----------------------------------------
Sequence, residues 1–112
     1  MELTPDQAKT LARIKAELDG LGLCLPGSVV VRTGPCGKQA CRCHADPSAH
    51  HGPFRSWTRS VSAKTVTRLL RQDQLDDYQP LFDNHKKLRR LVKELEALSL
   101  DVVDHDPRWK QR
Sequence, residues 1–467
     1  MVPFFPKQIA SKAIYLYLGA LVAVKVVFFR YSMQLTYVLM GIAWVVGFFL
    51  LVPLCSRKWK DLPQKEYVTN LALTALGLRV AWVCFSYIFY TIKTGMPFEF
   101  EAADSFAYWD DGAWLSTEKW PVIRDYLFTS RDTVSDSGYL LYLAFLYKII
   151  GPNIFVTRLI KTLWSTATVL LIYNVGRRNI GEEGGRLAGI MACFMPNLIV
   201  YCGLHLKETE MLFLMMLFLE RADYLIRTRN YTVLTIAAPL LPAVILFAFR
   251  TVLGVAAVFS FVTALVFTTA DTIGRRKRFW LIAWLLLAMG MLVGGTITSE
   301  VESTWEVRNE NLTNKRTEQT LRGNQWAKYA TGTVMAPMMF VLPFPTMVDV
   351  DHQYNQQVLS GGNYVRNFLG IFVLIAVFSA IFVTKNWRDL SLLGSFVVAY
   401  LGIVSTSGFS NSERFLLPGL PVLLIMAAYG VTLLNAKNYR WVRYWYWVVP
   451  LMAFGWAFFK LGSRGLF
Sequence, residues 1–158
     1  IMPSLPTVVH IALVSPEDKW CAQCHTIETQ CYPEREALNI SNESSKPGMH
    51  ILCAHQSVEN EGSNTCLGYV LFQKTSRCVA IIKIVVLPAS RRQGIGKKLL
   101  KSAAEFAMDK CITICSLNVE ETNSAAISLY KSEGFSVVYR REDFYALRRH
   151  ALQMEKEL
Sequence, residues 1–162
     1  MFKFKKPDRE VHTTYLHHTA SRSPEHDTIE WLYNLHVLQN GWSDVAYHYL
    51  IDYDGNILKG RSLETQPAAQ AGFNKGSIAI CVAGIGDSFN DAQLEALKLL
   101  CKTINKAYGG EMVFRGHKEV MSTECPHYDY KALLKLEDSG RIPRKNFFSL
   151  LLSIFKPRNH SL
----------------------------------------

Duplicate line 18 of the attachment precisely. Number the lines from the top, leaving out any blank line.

    51  ILCAHQSVEN EGSNTCLGYV LFQKTSRCVA IIKIVVLPAS RRQGIGKKLL